Nokia's New Tablet Offers High-Speed Mobility

Inclusion of WiMAX in new devices promises faster connections for mobile users.

Today's road warriors look for Wi-Fi hotspots to insure their notebooks and other mobile devices can gain Internet access, but Nokia and others are starting to place bets on the emerging WiMAX connectivity standard with new devices.

At this week's CTIA Wireless show in Las Vegas, Nokia (NYSE: NOK) previewed the latest version of its Nseries, the N810 Internet Tablet WiMAX Edition. Nokia said the first N810s would be available in the U.S. this summer, with initial distribution focused on regions where WiMAX (define), the wide-area wireless broadband service, is available.

WiMAX has a much broader range than the more established and widely-used Wi-Fi, which is generally limited to a few hundred feet. WiMAX networks have a number of interconnected base stations, each with a radius of up to two to three miles, that allow for hand-offs from one base station to another. These virtual handoffs are designed to keep users connected as they move from one area to another in, for example, a cab or bus.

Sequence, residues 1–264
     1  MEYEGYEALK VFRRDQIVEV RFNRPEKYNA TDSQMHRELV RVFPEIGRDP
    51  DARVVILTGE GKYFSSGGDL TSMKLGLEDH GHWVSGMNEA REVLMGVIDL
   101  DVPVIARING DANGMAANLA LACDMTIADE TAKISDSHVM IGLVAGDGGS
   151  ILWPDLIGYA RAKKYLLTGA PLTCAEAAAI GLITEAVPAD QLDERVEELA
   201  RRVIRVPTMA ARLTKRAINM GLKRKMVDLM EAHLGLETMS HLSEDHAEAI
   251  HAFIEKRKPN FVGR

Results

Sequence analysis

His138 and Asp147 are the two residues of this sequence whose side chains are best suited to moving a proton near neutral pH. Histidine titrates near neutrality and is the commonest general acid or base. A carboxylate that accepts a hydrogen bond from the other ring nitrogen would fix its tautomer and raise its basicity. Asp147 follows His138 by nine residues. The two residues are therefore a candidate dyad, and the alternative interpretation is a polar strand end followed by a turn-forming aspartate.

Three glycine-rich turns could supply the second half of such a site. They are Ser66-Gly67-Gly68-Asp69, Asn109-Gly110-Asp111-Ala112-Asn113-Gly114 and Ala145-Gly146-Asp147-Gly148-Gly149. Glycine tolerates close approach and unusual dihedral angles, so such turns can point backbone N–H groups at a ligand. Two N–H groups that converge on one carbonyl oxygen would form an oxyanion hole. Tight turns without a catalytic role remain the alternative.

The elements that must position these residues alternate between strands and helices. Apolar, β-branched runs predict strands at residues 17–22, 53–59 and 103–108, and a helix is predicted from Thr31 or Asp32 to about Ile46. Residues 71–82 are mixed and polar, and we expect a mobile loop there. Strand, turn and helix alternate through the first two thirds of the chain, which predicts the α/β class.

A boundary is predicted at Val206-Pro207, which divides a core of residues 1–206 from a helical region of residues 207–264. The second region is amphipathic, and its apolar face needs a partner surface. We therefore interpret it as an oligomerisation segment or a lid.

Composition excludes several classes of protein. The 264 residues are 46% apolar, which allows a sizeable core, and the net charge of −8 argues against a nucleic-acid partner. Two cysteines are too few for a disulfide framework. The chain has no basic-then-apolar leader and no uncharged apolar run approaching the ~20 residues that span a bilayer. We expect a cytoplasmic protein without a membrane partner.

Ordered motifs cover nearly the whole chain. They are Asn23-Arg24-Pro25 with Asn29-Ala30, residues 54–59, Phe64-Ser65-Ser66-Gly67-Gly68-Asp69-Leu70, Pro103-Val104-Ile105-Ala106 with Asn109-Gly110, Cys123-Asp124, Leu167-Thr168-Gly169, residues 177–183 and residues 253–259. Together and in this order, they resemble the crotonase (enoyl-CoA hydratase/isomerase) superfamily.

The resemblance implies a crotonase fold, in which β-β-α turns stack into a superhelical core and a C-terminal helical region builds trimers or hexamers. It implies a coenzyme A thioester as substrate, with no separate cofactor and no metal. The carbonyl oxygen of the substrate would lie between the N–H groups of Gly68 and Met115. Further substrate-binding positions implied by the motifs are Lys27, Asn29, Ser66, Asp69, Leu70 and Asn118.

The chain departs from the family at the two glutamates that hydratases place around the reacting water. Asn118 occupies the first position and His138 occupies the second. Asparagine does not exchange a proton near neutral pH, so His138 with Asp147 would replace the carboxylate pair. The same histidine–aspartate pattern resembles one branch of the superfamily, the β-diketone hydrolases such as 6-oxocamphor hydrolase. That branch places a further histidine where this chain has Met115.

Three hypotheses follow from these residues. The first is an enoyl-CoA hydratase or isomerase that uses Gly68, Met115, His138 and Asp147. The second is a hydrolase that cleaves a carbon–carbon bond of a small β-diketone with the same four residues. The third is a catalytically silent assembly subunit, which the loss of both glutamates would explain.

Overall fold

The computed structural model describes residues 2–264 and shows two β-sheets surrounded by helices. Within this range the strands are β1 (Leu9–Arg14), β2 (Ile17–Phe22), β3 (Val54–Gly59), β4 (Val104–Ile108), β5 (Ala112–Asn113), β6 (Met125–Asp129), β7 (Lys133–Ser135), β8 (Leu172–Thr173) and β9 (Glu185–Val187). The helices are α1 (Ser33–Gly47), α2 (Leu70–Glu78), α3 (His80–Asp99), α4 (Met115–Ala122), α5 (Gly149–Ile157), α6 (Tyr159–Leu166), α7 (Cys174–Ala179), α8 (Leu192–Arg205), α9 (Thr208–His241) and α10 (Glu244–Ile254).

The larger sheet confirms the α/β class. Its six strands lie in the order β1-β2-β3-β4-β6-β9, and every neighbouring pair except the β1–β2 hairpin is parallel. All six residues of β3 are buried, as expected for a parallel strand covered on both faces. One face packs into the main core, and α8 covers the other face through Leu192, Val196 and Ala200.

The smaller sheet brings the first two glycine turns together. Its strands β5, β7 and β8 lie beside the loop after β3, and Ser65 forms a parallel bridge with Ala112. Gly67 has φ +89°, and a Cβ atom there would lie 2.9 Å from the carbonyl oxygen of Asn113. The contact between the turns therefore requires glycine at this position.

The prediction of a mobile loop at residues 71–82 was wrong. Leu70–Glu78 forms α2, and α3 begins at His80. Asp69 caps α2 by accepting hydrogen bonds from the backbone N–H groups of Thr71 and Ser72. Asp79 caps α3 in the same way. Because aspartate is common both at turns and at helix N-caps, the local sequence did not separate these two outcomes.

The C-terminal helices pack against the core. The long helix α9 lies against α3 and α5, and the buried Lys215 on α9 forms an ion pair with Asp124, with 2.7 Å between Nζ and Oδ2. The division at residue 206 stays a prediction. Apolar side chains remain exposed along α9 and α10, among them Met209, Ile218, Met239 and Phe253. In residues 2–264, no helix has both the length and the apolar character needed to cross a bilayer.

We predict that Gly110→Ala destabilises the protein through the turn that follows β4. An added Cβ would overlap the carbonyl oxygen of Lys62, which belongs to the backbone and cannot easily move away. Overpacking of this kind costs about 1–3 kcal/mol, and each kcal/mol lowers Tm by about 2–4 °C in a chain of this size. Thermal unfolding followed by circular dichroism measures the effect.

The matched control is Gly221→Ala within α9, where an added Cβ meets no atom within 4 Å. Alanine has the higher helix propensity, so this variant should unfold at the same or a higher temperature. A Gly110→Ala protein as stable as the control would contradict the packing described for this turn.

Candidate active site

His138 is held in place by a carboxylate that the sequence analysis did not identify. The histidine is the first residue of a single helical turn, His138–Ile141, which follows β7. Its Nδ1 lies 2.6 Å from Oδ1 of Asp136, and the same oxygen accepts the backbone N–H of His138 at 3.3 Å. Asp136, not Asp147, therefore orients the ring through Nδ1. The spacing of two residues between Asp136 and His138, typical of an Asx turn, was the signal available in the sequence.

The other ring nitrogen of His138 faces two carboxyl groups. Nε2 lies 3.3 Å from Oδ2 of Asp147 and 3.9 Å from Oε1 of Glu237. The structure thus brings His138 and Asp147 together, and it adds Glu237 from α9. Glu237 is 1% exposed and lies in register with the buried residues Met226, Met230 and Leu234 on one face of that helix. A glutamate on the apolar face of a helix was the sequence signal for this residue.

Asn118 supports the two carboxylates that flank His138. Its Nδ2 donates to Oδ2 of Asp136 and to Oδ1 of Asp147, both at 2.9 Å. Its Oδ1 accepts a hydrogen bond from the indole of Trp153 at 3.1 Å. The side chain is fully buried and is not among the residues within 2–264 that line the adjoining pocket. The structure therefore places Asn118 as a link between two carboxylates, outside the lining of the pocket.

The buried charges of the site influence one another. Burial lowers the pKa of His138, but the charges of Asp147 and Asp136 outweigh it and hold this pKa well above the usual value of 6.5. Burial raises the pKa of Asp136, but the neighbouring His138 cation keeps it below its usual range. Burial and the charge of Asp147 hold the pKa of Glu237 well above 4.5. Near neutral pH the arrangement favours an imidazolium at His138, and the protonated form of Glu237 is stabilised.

The N810 WiMAX Edition is the latest in Nokia's line of Internet Tablets. The portable device has a 4.13 inch touch screen, slide-out, standard layout keyboard, Webcam for video calls, and GPS that can provide real-time on-screen maps and directions.

The unit also includes 2GB of memory expandable to 10GB. When not in range of WiMAX, the N810 also connects to Wi-Fi networks.

Apple (NASDAQ: AAPL) has touted its iPhone as the first mobile device to offer a Web surfing experience comparable to the desktop or notebook.

In a similar vein, Nokia sees the portability of its N800 series and WiMAX accessibility as a major advance toward a more widely available mobile Internet.

Ari Virtanen, vice president of convergence products for Nokia, said "the 810 WiMAX Edition is a compelling example of how next generation broadband wireless technology will not only change the way people think about the Internet, it will change the very nature of the Internet itself."

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